Book Review: Given to the Sea by Mindy McGinnis

Given to the Sea by Mindy McGinnis

Posted August 6, 2021 by Amber in Reviews / 0 Comments

Given to the Sea

Given to the Sea

by Mindy McGinnis

Series: Given Duet #1
Publisher: G.P. Putnam's Sons on April 11, 2017
Genre: Fantasy, Romance
Target Age Group: New Adult, Young Adult
Content Warnings: Abandonment, Ableism, Death, Death of Parent, Murder, Pregnancy, Rape, Sexual Assault

Rating: ★★½

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Khosa was born to be fed to the sea, to prevent the kind of wave that once destroyed the Kingdom of Stille. She can’t be sacrificed until she produces an heir, but human touch repulses her…except for the touch of the Indiri.

Dara and Donil are the last of the Indiri, a native race with magic that’s seductive—a force of nature—but dwindling since the Pietra slaughtered their people.

Witt leads the Pietra, the fierce warriors who are now marching on the Kingdom of Stille. The stone shores of Witt’s kingdom harbor a secret threat, and to ensure the survival of his people, he’s prepared to conquer every speck of Stille’s soil.

Vincent stands to inherit the throne of Stille, but has no wife to share it with. When the beautiful and mysterious Khosa arrives without an heir, Vincent knows that his father will stop at nothing to make sure she fulfills her duty. Torn between protecting his kingdom and protecting the girl whose fate is tied to its very existence, Vincent’s loyalty is soon at odds with his heart.

While royals scheme, Pietrans march, and the Indiri struggle to survive, the rising sea calls for its Given, and Khosa is destined to answer.


Given to the Sea is a bit of an underwhelming book. There was something to the language in the dialogue that reminded me of Shakespeare – at once lyrical, pondering, and riddling. But the story itself didn’t hold up to the twists and turns in the writing, and by the time I finished the book, I was happy to see it gone.

There are four POVs in Given to the Sea, but of all the characters (POV or otherwise) only one of them stood out with any kind of interest of variety. Dara was the most developed of the characters, principally because she actually had emotions that bled through the page. Not a lot, but there was a trickle, and most of it was bottomless anger. Otherwise? I found the characters shallow and unmotivated. Each one seemed to have a prime directive intended to color their behaviour. This worked well in another of McGinnis’s books (The Female of the Species) but makes a fantasy feel lacking.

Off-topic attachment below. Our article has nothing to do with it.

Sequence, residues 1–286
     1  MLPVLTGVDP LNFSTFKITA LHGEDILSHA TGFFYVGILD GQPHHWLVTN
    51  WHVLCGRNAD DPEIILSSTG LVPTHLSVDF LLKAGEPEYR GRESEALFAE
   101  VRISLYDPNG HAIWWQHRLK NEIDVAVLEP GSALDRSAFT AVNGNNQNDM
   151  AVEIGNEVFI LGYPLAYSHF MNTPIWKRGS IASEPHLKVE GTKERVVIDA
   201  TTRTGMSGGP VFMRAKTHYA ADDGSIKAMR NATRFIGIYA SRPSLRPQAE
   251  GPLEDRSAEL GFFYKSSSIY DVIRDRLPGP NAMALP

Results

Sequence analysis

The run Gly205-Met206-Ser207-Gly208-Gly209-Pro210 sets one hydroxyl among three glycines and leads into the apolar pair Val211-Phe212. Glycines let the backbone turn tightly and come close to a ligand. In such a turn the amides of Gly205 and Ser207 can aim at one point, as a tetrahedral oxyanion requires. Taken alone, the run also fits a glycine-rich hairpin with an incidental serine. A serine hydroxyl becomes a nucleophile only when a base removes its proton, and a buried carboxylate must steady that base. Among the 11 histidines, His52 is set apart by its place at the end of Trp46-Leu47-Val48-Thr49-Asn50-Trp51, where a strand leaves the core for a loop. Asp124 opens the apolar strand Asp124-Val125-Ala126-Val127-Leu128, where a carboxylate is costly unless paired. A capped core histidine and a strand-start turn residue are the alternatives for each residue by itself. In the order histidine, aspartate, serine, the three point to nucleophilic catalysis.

There’s clearly interesting mythology behind this world, particularly with the Indiri, but McGinnis only barely explores it. In fact, the world and plot alike feel stretched too thin. There is a regiment battling their way through the land, the magic pulling Khosa to the sea, Vincent’s ascent, the search for any other Indiri, the love triangle… quadrangle? There’s a lot going on. There’s also the community of the rejected that plays between the two warring (ish?) kingdoms that shows the deep ableism of the characters in the book. Also ageism.

Let’s not forget the attempted rape and obsession with impregnating Khosa. Which probably took up the greatest chunk of the book.

To be honest, Given to the Sea is a mess. McGinnis wanted to do too many things and as a result she did none of them well. Add the lack of interesting characters and the insufferable romance plot/subplot/who knows and the problematic society… this just isn’t worth pursuing. McGinnis’s thrillers are better (if not still extremely memorable), but I recommend steering clear of this fantasy duology.

Ratings Breakdown

Setting: ★★ 1/2
Plot: ★★ 1/2
Characters: ★★ 1/2
Writing: ★★★
Pacing: ★★
Personal Enjoyment: ★★

Two and a Half Stars


Given to the Sea Will Be Donated

I think I simply expected a lot more from Given to the Sea.  The title and concept lends itself to a world filled with ocean magic but instead it was a little too spread out and lacking in anything… special, I guess.  It was a let down for me, although I am sure others would enjoy it.

This one I left on my cruise ship for the next person who is in the room, or to be added to the ship’s library.  I hope the new reader enjoys it more than I did!


If you knew your death could save your country, would you do it?  What type of proof would you require to know it was real and not just superstition?  Let me hear your thoughts in the comments!

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